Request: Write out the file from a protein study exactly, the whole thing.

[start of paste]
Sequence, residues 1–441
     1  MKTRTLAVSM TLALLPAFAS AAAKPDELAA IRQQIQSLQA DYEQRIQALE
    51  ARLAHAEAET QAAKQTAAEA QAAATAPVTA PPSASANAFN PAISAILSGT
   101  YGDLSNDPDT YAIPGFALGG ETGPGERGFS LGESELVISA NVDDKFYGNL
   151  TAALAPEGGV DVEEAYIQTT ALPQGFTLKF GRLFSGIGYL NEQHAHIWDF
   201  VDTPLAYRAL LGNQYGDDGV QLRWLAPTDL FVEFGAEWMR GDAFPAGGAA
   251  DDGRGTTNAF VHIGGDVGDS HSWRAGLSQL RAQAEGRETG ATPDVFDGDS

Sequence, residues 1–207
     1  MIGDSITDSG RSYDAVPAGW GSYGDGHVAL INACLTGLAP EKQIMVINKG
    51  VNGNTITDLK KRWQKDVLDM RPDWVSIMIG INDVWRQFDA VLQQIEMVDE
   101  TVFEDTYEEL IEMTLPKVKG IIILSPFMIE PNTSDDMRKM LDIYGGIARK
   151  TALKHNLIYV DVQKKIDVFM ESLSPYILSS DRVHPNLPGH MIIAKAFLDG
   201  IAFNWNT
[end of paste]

Sequence, residues 1–441
     1  MKTRTLAVSM TLALLPAFAS AAAKPDELAA IRQQIQSLQA DYEQRIQALE
    51  ARLAHAEAET QAAKQTAAEA QAAATAPVTA PPSASANAFN PAISAILSGT
   101  YGDLSNDPDT YAIPGFALGG ETGPGERGFS LGESELVISA NVDDKFYGNL
   151  TAALAPEGGV DVEEAYIQTT ALPQGFTLKF GRLFSGIGYL NEQHAHIWDF
   201  VDTPLAYRAL LGNQYGDDGV QLRWLAPTDL FVEFGAEWMR GDAFPAGGAA
   251  DDGRGTTNAF VHIGGDVGDS HSWRAGLSQL RAQAEGRETG ATPDVFDGDS

Sequence, residues 1–207
     1  MIGDSITDSG RSYDAVPAGW GSYGDGHVAL INACLTGLAP EKQIMVINKG
    51  VNGNTITDLK KRWQKDVLDM RPDWVSIMIG INDVWRQFDA VLQQIEMVDE
   101  TVFEDTYEEL IEMTLPKVKG IIILSPFMIE PNTSDDMRKM LDIYGGIARK
   151  TALKHNLIYV DVQKKIDVFM ESLSPYILSS DRVHPNLPGH MIIAKAFLDG
   201  IAFNWNT